The Los Angeles County Board of Supervisors last week extended a temporary rent control ordinance for unincorporated county. Without any collaboration or consultation with housing providers, the Board also tacked on a number of other provisions which negatively impact housing providers while doing nothing to resolve our region’s ongoing housing crisis.
The County Supervisors had already passed an interim ordinance in 2018 which capped rent increases at 3% per year for eligible properties in unincorporated Los Angeles County. This ordinance was set to expire this June so the County rushed to put in place an extension through December 31, 2019 while working on some kind of permanent ordinance.
However, at the same time that the County was extending its rent control ordinance, it also slipped in several other provisions. None of these new extras were shared with housing providers, including SBAOR, and we have protested vehemently the County’s mad rush to enact fresh new mandates that impact our profession while doing virtually nothing to address our region’s actual housing crisis.
Among the new parts of the County’s extended rent control ordinance:
- Expand Just Cause eviction protections to all rental units – including single family homes – except those designated as exempt.
- Come up with a plan for a “Rent Review Board” to oversee current and future ordinances adopted by the Board concerning rent stabilization, mobile home rent regulation, tenant protections, and other matters.
- Ask County departments to report on “the conditions of the County’s rental housing stock, highlighting code enforcement needs, and a plan for the development of a Countywide code enforcement program to monitor and improve rental housing conditions”.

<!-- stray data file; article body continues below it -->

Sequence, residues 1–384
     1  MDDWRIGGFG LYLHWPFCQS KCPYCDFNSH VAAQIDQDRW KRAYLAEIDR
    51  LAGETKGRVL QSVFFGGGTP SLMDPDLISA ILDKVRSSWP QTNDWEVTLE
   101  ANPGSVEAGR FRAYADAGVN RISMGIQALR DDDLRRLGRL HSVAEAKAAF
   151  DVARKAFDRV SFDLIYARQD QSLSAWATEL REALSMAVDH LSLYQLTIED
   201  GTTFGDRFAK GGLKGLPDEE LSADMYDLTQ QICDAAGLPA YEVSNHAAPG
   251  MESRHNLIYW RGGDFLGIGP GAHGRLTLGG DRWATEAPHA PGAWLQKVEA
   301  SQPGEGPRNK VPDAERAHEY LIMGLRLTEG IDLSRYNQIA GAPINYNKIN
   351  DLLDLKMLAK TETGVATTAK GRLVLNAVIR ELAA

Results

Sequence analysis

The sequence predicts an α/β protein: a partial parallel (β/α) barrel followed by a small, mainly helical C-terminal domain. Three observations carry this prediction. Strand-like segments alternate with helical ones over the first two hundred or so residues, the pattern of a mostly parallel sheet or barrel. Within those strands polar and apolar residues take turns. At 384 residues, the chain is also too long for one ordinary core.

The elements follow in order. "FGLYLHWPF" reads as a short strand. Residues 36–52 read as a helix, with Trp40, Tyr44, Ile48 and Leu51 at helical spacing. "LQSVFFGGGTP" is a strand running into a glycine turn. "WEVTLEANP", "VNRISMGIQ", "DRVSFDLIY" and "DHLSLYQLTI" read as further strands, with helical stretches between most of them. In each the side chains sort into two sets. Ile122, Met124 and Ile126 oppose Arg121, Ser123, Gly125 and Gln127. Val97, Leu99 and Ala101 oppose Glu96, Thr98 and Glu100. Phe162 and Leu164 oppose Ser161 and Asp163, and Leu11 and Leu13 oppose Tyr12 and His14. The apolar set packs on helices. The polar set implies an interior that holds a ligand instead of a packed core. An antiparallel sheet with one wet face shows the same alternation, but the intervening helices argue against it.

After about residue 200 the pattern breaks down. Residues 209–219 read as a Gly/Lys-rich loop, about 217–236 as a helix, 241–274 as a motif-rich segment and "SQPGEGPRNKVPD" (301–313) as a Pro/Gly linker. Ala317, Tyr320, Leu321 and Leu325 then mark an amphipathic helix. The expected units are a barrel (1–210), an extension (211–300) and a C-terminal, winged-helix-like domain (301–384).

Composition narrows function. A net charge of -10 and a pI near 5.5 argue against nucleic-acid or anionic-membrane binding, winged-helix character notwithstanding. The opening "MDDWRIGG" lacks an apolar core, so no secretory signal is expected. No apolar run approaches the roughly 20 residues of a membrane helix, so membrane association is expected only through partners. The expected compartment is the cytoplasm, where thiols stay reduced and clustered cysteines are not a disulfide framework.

- Educate and conduct outreach to members of the public, utilizing social media as well as other mediums, to educate renters and owners, and to direct individuals to resources, such as consumer counseling and advocacy groups to educate on the potential impacts of this ordinance on their individual situations.
- Create a “rental registry system”, including a preservation database, a centralized waiting list, and other data systems which could cost up to $1.4 million. This rental registry system may include a rental housing stock assessment, code enforcement plan, and activities concerning rent stabilization, and tenant protections.
Some matters, such as education of tenants and property owners are something we can easily support: Everyone must know their own rights and responsibilities before signing on the dotted line.
And yet, many of these other items were conceived without consulting with or checking in on housing providers. This is an unfortunate oversight that does not bode well for good governance or a regulatory policy that works. SBAOR joins other housing providers in the County to urge a balanced approach to addressing housing in our area.